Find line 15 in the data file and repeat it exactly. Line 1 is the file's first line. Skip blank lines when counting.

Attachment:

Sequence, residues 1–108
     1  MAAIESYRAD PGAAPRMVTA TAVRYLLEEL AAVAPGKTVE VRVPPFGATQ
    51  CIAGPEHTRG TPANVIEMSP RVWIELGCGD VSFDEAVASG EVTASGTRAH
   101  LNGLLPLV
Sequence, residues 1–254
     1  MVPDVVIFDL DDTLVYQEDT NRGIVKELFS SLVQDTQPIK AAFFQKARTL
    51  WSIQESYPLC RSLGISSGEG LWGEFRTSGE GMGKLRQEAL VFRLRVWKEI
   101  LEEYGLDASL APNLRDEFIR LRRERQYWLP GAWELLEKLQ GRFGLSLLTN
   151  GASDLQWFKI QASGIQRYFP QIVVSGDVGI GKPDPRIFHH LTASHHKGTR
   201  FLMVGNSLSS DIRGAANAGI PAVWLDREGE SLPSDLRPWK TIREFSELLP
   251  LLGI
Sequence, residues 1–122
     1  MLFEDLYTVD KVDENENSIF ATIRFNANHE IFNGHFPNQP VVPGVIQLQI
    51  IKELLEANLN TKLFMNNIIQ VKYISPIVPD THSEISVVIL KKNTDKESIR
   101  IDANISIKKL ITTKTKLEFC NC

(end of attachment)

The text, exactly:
   101  IDANISIKKL ITTKTKLEFC NC